Saudi prince's swipe at tiny Qatar draws riposte
DOHA (Reuters) - A U.S. media report quoting the Saudi intelligence chief as mocking Qatar over its small population has drawn a stinging rebuke from Doha, underlining tensions between the two Gulf Arab states over clashing foreign policies.
While both are in the Gulf Cooperation Council political-military bloc, Qatar and Saudi Arabia have strong differences with Doha backing Islamists in Arab Spring revolts elsewhere and Riyadh opposing them as a threat to regional stability.
Qatar had taken an especially robust lead in supporting Arab Spring revolutions in Syria, Egypt and Libya before Saudi Arabia earlier this year imposed itself as the main external backer of Syrian rebels fighting to topple President Bashar al-Assad.
The Wall Street Journal reported that Prince Bandar bin Sultan, a veteran Saudi ambassador to Washington who is coordinating Saudi aid to the rebels, had said at a meeting last summer that Qatar was "nothing more than 300 people ... and a TV channel", quoting a person familiar with the exchange. The "TV channel" is Doha-based pan-Arab satellite network Al Jazeera.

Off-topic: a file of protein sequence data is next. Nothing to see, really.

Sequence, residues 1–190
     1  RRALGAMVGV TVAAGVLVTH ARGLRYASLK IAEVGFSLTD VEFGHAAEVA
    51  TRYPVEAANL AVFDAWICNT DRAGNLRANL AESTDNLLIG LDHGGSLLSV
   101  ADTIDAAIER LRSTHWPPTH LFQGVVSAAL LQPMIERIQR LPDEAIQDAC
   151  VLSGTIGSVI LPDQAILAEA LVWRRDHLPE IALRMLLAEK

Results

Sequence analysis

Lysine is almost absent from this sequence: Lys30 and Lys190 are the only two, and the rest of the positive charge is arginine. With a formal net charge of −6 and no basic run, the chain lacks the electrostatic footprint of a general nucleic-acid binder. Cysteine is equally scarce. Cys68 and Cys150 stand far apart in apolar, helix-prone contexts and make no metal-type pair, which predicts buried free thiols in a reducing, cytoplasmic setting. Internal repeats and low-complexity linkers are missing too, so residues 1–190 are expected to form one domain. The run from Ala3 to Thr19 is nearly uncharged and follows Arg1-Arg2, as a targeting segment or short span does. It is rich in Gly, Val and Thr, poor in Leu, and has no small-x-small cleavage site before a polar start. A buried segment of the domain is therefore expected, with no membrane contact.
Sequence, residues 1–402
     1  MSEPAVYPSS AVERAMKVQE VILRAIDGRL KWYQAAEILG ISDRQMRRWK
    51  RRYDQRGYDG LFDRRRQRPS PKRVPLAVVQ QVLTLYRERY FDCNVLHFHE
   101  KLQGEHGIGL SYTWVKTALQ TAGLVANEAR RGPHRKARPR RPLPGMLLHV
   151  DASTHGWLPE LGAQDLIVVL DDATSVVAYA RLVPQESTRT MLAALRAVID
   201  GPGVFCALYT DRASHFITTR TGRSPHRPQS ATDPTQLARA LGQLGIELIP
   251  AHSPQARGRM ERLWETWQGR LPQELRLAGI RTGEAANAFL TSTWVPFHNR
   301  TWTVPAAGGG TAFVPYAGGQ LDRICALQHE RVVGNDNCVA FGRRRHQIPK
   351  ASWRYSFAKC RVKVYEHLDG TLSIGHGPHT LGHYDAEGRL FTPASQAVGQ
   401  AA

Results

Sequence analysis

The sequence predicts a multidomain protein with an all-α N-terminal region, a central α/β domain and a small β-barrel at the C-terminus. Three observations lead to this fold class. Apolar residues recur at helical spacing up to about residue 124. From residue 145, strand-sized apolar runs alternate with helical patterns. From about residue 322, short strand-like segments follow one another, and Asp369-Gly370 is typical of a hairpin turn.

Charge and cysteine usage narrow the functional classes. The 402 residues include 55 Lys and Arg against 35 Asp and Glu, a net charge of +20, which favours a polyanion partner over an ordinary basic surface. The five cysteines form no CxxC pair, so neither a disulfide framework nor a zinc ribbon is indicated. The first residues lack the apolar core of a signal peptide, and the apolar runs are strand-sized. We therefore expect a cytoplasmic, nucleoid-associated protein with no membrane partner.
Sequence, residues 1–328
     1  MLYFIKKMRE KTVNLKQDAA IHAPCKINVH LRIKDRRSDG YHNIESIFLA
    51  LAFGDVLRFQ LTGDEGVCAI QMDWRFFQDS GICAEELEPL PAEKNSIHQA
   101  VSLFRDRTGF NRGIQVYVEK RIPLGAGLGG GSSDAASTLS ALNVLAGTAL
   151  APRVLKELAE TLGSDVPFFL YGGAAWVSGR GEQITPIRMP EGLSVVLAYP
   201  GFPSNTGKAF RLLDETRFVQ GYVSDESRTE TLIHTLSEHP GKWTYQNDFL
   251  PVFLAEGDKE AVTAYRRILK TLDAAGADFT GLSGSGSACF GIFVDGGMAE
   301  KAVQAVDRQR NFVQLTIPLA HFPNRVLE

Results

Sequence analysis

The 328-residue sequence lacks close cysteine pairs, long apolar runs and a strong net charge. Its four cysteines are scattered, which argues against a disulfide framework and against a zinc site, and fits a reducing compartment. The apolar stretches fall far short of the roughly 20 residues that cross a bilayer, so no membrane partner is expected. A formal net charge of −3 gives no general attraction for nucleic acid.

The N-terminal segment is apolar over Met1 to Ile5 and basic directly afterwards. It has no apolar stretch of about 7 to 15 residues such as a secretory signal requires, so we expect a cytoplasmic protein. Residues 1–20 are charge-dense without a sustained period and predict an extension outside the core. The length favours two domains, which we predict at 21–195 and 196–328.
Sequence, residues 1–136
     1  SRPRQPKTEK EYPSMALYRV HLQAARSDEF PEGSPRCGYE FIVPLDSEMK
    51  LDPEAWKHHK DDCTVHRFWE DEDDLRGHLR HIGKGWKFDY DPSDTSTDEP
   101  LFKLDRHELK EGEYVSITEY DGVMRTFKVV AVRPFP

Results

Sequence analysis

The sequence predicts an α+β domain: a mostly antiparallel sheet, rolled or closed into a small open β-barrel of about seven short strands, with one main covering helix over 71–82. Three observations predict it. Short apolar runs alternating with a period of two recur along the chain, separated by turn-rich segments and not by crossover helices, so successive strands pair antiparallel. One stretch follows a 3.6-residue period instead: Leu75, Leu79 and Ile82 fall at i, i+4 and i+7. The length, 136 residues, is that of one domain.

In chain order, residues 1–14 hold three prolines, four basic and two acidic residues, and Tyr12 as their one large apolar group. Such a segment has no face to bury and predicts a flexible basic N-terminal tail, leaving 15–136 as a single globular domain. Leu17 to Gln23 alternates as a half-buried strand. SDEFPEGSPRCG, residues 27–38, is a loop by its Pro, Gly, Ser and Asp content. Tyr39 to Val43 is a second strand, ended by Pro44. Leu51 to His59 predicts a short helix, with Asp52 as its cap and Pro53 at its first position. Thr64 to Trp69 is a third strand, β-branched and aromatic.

Qatari Foreign Minister Khaled al-Attiya shot back in a Twitter message that became an instant sensation in the tiny Gulf Arab state.
"One Qatari citizen is worth an entire people and the Qatari people are equal to an entire nation," he wrote. "This is what we tell our sons, with all respect to the others," he added.
The Qatari newspaper al-Sharq said on Sunday the message was retweeted by more than 600 people in the first few hours, after a "hashtag insulting to Qatar (Qatar 300 people and a (TV) channel" spread on social media.
Qatar's Foreign Ministry confirmed the account belonged to Attiya but declined to make further comment, while Saudi officials were not immediately available.
Qatar has become quieter on the foreign stage since veteran emir Sheikh Hamad bin Khalifa al-Thani stepped down in favor of his crown prince and son, Sheikh Tamim Khalifa al-Thani, in June.
(Writing by Sami Aboudi; Editing by Mark Heinrich)
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